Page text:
Investors will also have to internalize that many emerging markets are now significantly more resilient: from 2007 to 2011 well below 10% of emerging markets underwent a systemic banking crisis, compared to nearly 50% of developed markets, according to the International Monetary Fund. As a result, long-term investors will be able to take advantage of the fact that the market perception of emerging market risk lags the reality on the ground of improving macroeconomic strength and declining contagion risk.
Finally, investors must rethink the use of indexed investment strategies, which lock investors into inherent structural limitations of the indexes and by definition miss out on the best investment opportunities. For example, emerging market fixed-income indexes are weighted toward the most indebted countries and are unable to generate the significant returns available through thoughtful rotation across countries, credit and currencies. Emerging market equity indexes, for their part, are heavily skewed toward large financial services, energy and mining, and big state-owned companies. Thus, they don't fully capture the next wave of domestically driven growth opportunities best represented by midcap, small-cap and private companies. Of note, China's A shares are heavily weighted toward financials and industrials, sectors considered to be part of China's "old economy."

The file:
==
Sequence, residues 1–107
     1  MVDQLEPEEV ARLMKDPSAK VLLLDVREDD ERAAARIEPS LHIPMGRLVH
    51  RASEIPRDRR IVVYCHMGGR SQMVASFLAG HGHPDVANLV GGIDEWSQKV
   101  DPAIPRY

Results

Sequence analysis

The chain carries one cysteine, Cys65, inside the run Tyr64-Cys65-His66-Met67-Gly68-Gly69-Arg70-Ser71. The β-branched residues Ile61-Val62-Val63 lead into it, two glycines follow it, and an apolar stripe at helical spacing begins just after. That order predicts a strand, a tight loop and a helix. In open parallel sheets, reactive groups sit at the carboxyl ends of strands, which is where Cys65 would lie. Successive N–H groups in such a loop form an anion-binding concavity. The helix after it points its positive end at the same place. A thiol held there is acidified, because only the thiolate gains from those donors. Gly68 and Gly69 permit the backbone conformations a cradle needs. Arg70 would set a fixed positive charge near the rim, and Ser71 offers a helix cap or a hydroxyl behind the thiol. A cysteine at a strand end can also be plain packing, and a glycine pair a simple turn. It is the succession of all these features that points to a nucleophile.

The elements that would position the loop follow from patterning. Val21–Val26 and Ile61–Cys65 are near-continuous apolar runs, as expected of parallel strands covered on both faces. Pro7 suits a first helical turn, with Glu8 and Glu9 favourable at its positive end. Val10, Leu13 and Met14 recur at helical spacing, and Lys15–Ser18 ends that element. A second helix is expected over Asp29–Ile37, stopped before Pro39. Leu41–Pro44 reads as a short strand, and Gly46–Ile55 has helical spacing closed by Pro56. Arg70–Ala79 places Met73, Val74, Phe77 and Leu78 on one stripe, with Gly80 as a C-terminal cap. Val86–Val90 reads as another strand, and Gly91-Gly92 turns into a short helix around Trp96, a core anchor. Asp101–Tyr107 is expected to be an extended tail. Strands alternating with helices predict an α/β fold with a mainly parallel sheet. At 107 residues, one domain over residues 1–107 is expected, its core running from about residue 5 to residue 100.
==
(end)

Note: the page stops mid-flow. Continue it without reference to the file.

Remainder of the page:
The key point is this: Emerging markets will successfully shape their own destiny and place on the global economic landscape, in a manner increasingly resilient to the political upheavals and economic slowdown in developed markets. In this new order, investors must look beyond the market beta of the broad emerging market universe to harvest idiosyncratic alpha from specific themes, sectors and securities across all emerging market asset classes.
David Hunt is president and CEO, and Taimur Hyat is chief strategy officer, at PGIM. This article represents the views of the author. It was submitted and edited under Pensions & Investments guidelines, but is not a product of P&I's editorial team.